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How I Redefined ‘Area Boy’ As A Kid – Tunde Onakoya

Popular chess master, Tunde Onakoya, said he redefined the word ‘area boy’, believed to be a derogatory term used to refer to a thug or lout.

Speaking at a TEDx Talks event held at the Nile University of Nigeria in 2023, a clip of which went viral on Wednesday, Onakoya said he was also an area boy, and that’s why he is wearing an indigenous cap on a suit.

He said, “I am also an area boy; I mean, for a very long time, the term ‘area boy’ has been known to be a derogatory word that is being used to refer to the thugs, hoodlums and criminals in Lagos. But we’re able to redefine what that meant, and a lot of us became area boys for the sake of some people, and I’ll tell you that story.

“So, some 16 years ago, I was at home, I had just completed my primary school education, and my mom called me and told me that I would have to stop school because they just couldn’t afford tuition anymore, and I had to stay at home so my brother could go to school and that was going to be the end of education for me.

“I wasn’t a very brilliant kid in primary school; I mean, I could not even speak good English at the end of my primary school because the school I went to was a ‘Pako’ one where they taught in Yoruba and we had to sit on the floor. So, I was really struggling, and my teachers would call me ‘olodo’. So it was the easy way out, okay, so no school, so I dropped out of school, and I was at home for two years after my primary school education.”

Onakoya said he was learning how to fix refrigerators as an apprentice, and something happened.

He added, “There was this barbing salon just on the other side of our street, and I would go there to play video games at the end of the day. Then, on one of those days, the barber just brought out a small plastic chess set, and I’d never seen a chessboard before.

“I was a very curious kid, so I asked what this was, and he said it was a chess set. I’d never seen one before, but I was fascinated by the way the pieces were carved, so I told him to teach me because I wanted to learn how to play because I would see him just sit down and talk to himself all right and it would say crazy stuff like well if you play this game you’ll be very intelligent, you’ll be very smart, and I told him to please teach me, and he said no I was too young and he didn’t teach me. So, I was just watching him play with his friends, and with time, because I was a very curious kid, I was able to pick up the rules of the game.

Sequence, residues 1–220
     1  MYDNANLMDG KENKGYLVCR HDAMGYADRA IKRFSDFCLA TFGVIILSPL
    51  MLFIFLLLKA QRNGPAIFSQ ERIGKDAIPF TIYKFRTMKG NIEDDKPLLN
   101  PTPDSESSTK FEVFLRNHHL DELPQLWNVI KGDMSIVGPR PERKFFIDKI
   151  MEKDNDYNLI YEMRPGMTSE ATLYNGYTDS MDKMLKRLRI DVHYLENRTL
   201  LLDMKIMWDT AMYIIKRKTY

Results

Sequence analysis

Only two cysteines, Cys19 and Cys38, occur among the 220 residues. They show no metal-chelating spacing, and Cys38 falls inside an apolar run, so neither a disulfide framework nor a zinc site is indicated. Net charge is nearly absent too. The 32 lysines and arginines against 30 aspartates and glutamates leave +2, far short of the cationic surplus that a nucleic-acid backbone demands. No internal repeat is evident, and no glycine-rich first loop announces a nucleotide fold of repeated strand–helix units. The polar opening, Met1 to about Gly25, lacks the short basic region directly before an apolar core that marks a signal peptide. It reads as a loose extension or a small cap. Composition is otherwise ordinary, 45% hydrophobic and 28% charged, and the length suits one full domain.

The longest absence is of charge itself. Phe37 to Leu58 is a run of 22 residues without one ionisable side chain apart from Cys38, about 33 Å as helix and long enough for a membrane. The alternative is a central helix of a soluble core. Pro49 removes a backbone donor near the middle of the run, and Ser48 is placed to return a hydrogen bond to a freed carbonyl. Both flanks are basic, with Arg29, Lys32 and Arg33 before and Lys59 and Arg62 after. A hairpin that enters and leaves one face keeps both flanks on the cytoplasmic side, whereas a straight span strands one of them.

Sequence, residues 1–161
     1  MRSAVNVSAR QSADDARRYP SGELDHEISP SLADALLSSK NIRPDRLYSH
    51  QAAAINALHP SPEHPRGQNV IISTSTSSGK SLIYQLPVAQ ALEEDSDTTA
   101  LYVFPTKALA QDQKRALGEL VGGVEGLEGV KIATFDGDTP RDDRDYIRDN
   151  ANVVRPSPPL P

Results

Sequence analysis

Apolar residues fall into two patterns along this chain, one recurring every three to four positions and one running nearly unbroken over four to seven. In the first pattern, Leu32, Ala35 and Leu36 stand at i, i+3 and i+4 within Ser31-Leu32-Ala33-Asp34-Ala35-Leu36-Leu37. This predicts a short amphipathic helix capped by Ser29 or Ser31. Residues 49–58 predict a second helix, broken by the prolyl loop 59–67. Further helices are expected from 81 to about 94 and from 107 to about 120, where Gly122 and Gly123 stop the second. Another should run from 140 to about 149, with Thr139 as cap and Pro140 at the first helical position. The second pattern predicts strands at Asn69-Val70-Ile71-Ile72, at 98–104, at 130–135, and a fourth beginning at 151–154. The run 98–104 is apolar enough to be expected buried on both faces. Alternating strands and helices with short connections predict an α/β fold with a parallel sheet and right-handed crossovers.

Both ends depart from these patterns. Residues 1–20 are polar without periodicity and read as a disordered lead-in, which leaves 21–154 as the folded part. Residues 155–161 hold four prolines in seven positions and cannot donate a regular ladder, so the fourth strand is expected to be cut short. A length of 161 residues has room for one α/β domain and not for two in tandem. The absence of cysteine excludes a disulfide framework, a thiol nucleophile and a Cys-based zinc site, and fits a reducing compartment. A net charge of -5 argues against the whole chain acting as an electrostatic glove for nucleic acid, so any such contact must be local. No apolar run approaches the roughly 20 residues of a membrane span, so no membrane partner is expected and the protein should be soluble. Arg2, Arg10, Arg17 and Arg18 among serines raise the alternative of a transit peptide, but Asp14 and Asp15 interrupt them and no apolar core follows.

“I learned how to play chess by watching. At the time, it didn’t occur to me that I had made the most important decision of my life, but then it became clear that something had happened, and I went back to school; my mom had to make a sacrifice for me, and I returned.

“Fortunately, the secondary school I  attended had chess as a subject, I had never seen that before. We learned chess as a subject and we wrote exams because I think the owner of the school then was the United Nations Ambassador to Kenya and he played competitively when he was younger and that was how I found the gift of chess.

“I kept playing, and I got really good, and my coach discovered that I was a really good, gifted child. I remember my coach telling me that I was gifted, and I believed it. That was the first thing that I learned as a kid who grew up in poverty in the slums of Ikorodu in Lagos. I found an identity, and it wasn’t just any identity; it was an intellectual identity. I began playing professionally, and I was ranked one of the top players in Nigeria, and I finished school in 2015.

“I won a lot of tournaments. I won the Trevor and Chess Challenge, the national friends of chess. I was a really strong player who wanted to become a grand master. I started teaching chess to private schools just like I’d learned, and I’d never thought of it before. But in that period when I thought of teaching chess to children, it made me realize that chess was an important educational resource for children who struggled with their self-esteem and everything else.”

Onakoya added that he thought about using the game to bridge the gap between the rich and the poor kids and decided to take chess boards to the slum to engage the boys believed to be area boys.

“I had challenges with teaching the boys who had never been to school, but believe me, they learnt at an incredible pace. What would take a master a year to learn was learnt by them in a month.

“They beat the other kids from rich schools and won trophies at national and international levels. They even got the toast of notable people to play with them, including the former Manchester United captain, Patrice Evra,” he said.

Onakoya set a new Guinness World Record for the longest marathon chess on Saturday, 20th of April, 2024.

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